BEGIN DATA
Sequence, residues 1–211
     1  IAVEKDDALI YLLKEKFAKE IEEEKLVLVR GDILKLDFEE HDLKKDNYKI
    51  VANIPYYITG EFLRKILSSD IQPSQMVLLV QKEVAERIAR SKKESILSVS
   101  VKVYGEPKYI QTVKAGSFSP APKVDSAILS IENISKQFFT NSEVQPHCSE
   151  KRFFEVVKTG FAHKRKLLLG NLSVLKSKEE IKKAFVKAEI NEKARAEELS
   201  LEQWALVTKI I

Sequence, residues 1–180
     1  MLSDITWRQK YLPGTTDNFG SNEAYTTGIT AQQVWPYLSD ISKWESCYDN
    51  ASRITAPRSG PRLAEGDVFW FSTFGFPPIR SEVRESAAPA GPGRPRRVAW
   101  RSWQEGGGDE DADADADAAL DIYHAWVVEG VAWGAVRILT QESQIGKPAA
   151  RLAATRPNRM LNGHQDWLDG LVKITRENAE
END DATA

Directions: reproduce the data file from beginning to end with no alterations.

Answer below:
Sequence, residues 1–211
     1  IAVEKDDALI YLLKEKFAKE IEEEKLVLVR GDILKLDFEE HDLKKDNYKI
    51  VANIPYYITG EFLRKILSSD IQPSQMVLLV QKEVAERIAR SKKESILSVS
   101  VKVYGEPKYI QTVKAGSFSP APKVDSAILS IENISKQFFT NSEVQPHCSE
   151  KRFFEVVKTG FAHKRKLLLG NLSVLKSKEE IKKAFVKAEI NEKARAEELS
   201  LEQWALVTKI I

Sequence, residues 1–180
     1  MLSDITWRQK YLPGTTDNFG SNEAYTTGIT AQQVWPYLSD ISKWESCYDN
    51  ASRITAPRSG PRLAEGDVFW FSTFGFPPIR SEVRESAAPA GPGRPRRVAW
   101  RSWQEGGGDE DADADADAAL DIYHAWVVEG VAWGAVRILT QESQIGKPAA
   151  RLAATRPNRM LNGHQDWLDG LVKITRENAE